The tears started rolling last October when Hugo’s year group sung with 7k other school children at the O2. I defy any parent with tweens not to shed a tear when they break into Ed Sheeran’s ‘Castle on the Hill’ en masse! Since then, it’s fair to say I’ve been a bit of an emotional wreck – not just due to Hugo’s perseverance to stay in school (read: not get his troublesome arse suspended), but the year of proud moments and revelations that come, unexpectedly, with year 6.
I just wish someone had warned me last September that Year 6 would knock my mothering socks off – house captain nominations, singing at the O2, SATs revision, SATs exams, school residential trip, school productions, SATs results and leavers events. Not to mention the currently gentle lapping waves of hormones which will inevitably become a tsunami in the not too distant future!
Assisted by leavers assemblies, thank you speeches and farewell parties – all with the obligatory tear-jerking music, which would render tears from a goldfish, and slide-show of pictures, proving they’ve grown from those 4 year olds with hair bigger than their heads and little teeth into beautiful, exuberant 11 year olds with the world at their feet – I’ve become an unstable, snappy, snotty mess; crying at the shear mention of “don’t they look grown up?”
Surely it was only last month Hugo was begging to wear his Ben 10 t-shirt to mufti-day; that we had to have the whole of reception to his party ‘cos friendships were still saplings and everyone was fair game; letting him cross the road to school without holding my hand felt like a step too far in his independence and convincing him to don the yellow chicken outfit to fit in with the other farm animals in the nativity was a doddle.
They might not always consider each other “friends”, but his class-mates are the familiar faces with whom he’s shared 7 of his 11 years They’re the people he feels comfortable enough to just be himself and, without even realising, they know the nuances of each others lives like they will never experience again with a group of 50+ peers. They’ve sung together, learnt together, travelled together, played together and grown together.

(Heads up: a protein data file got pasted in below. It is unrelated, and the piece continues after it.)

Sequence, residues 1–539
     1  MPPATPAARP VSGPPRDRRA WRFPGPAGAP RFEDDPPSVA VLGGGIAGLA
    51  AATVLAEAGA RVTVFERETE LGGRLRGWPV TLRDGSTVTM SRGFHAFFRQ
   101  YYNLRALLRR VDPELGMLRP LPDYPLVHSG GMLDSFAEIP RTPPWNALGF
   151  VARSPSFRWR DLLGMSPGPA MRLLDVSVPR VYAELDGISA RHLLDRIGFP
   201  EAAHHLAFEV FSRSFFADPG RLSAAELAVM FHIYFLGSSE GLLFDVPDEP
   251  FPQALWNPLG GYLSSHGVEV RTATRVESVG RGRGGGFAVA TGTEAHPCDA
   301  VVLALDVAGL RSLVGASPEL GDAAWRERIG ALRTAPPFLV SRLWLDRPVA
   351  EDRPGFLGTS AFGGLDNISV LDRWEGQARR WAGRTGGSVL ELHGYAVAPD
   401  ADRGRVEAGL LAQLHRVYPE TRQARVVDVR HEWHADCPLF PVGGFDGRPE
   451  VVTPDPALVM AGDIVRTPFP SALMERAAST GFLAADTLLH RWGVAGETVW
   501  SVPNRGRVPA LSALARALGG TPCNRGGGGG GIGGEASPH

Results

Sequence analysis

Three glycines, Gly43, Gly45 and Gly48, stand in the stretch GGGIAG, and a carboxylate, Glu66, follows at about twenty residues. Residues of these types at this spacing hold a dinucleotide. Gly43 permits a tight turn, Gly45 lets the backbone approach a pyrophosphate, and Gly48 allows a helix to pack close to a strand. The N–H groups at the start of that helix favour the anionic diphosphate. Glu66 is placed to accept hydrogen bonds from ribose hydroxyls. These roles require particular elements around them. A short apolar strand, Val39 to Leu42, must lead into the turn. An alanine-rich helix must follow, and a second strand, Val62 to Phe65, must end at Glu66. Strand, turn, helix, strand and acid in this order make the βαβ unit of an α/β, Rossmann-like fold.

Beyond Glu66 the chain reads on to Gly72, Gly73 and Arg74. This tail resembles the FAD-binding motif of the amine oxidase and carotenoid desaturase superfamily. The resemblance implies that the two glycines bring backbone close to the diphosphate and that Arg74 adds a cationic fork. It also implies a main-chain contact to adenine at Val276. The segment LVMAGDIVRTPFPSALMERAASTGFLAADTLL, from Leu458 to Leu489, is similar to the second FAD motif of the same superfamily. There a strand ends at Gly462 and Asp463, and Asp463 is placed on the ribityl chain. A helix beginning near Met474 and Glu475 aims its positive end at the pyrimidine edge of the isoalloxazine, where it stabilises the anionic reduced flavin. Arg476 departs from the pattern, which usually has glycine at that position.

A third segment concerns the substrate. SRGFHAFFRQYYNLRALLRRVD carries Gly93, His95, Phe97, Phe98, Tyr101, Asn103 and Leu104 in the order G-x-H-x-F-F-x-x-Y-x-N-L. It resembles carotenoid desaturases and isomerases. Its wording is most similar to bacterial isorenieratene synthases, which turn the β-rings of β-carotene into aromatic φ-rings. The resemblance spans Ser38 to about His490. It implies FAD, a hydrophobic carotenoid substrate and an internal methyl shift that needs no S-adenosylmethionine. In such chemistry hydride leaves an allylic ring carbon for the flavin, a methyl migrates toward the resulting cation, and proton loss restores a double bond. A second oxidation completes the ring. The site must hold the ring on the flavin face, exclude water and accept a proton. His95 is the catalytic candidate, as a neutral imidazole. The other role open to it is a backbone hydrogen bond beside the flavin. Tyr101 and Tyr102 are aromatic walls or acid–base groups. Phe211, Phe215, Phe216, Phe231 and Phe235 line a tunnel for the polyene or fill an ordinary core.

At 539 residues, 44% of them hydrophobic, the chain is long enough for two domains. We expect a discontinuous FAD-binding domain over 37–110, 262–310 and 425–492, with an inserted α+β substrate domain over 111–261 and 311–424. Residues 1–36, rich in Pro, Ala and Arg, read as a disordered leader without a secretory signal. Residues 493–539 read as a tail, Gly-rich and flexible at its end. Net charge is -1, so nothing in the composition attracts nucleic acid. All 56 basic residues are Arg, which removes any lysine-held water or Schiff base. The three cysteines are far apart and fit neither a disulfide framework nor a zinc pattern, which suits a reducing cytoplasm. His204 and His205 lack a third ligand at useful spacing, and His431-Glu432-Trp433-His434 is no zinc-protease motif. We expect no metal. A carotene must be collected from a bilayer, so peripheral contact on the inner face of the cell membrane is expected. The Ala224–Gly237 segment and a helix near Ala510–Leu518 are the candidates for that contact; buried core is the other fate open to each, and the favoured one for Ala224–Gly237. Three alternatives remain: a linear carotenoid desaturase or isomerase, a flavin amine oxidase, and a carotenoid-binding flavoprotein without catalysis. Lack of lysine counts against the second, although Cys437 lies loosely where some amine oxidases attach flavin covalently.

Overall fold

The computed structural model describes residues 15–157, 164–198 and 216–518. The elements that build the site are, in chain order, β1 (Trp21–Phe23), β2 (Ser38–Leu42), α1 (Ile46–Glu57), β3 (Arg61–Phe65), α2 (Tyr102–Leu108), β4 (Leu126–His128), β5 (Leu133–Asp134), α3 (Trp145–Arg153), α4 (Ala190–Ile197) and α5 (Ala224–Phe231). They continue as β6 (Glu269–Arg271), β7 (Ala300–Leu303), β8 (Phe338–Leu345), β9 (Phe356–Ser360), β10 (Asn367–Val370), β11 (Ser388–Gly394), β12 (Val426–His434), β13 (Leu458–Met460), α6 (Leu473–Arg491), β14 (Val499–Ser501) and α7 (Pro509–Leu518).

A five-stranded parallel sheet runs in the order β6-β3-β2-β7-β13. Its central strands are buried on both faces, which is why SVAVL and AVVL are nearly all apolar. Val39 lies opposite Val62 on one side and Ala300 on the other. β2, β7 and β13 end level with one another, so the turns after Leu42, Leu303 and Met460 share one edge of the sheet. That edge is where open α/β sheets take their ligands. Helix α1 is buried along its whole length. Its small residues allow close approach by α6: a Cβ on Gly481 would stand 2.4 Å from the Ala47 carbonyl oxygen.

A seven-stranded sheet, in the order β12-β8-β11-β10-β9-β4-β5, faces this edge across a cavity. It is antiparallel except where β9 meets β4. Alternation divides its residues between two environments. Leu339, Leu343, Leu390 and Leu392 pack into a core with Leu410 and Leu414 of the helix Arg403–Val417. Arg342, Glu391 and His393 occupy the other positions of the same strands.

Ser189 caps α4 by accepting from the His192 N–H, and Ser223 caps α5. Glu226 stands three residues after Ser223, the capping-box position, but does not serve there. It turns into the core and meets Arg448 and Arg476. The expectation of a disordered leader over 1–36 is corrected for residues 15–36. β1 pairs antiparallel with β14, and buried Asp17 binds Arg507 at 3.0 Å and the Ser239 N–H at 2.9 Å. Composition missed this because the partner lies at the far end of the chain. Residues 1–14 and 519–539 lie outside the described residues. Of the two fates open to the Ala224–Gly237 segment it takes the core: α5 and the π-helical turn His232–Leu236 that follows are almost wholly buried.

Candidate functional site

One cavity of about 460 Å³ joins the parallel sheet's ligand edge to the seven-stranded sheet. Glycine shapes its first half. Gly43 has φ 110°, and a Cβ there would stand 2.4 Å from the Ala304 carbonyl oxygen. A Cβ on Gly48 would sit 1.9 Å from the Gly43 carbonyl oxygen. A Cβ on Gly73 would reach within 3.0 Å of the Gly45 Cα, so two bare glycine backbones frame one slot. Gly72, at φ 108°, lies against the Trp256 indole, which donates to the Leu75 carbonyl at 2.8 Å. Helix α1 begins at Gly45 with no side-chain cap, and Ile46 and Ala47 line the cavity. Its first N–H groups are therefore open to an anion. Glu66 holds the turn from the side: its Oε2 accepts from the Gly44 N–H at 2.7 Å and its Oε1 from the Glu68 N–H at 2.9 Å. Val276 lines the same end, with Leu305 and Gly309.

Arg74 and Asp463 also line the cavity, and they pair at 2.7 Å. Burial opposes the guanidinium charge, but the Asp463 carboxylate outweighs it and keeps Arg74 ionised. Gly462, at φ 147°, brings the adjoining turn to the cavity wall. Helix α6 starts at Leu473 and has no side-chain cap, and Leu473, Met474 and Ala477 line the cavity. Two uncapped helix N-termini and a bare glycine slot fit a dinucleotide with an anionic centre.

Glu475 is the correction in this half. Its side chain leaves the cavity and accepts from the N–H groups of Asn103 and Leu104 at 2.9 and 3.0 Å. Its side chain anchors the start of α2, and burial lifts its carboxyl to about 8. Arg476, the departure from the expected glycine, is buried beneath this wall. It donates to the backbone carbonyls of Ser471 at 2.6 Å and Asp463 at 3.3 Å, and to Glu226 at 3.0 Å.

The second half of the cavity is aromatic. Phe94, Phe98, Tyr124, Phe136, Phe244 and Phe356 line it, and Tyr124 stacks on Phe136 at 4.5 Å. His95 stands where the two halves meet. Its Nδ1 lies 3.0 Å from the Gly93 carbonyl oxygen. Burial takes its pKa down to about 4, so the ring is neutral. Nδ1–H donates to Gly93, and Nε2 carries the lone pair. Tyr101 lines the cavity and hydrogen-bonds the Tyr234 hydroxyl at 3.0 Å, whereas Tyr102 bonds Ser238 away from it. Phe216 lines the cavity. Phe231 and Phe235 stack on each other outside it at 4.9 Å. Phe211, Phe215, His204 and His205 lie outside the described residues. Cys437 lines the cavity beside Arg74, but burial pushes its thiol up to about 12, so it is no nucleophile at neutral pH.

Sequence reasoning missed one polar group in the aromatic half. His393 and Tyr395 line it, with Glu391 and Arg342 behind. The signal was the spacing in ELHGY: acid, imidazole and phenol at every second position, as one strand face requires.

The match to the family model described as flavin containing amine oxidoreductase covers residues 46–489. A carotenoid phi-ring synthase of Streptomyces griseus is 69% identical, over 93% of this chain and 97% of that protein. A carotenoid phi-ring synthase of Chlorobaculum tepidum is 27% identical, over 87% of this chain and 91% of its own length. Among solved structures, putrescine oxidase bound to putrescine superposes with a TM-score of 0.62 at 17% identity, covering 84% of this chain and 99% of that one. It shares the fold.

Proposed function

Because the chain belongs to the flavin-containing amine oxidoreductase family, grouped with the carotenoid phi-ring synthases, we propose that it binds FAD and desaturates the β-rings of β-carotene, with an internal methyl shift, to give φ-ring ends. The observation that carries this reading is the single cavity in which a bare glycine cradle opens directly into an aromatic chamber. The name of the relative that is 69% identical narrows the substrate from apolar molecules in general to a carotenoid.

As a parent, getting to the end of year 6 is a heart-wrenching retrospective of just how far your child has come. For me, it’s been the first time I’ve been forced to stop. Stop the rushing, the costume making, the lunch box packing, the money handing-out, the form signing, the homework nagging, the uniform washing and school shoe locating. I’ve watched their year 6 production with pride (not just for Hugo but each of those children), I’ve taken the time to write my gratitude to the teachers and TAs who’ve made it possible; I’ve been the embarrassing mum at the leavers’ party drop-off and pick-up, begging for photos and I blubbed my way through the leavers’ assembly.
For the first time I’ve stopped to realise I’ve raised a fiercely independent, beautiful, sometimes rather trying, intelligent young man who’s ready for the next stage of his life (even if I’m not!) – but I’ve done that with the help of his school, the staff and the 50+ children who’ve become his family between 9-3pm everyday. Together, we’ve raised and loved these children, and part of that process is letting them go.
I’ve come to accept, it’s ok to cry. I cry happy tears because I’m joyous that Hugo has even made it through primary school (it was a close one!!) while making memories and friendships to last him a lifetime. But I’m also crying tears of grief.
I’m grieving the little boy I dropped off in September 2011, the one who needed a hug before saying goodbye and searched for my face in the sea of parents every afternoon. It’s all gone by too quickly and for that I’m sad.
I’m grieving the familiar faces of children and parents who won’t be assembled in that place again.
I’m grieving the love and acceptance Hugo’s received from caring teachers, TAs and class-mates – in fear he might not find the same elsewhere.
I’m grieving the chirpy, patient and instantly recognizable voices on the end of the phone when I call the office, or on bad days, they call me!!
So, for now, you will mostly find me crying into my cup of tea, flicking through photos, clutching the amazing SATs results Hugo achieved, while my kind, polite and talented 11 year old looks on bemused. Then come September, I will peck him on the cheek as he leaves the house to catch the bus to his new “big” school – no hand-holding, no taking him in and no book bag. For the next 5 years I’ll glean information about his school life from parents evenings and the online receipt from the cantene; I won’t be able to pair the parents’ faces with their respective child and I’ll be lucky if I know his peers’ names. But this is life, this is parenthood and like Hugo and the rest of the year 6 leavers – I’m learning to grow, blossom and move on with them.
Now to do it all again with Bruno!! I’m not sure I can take it!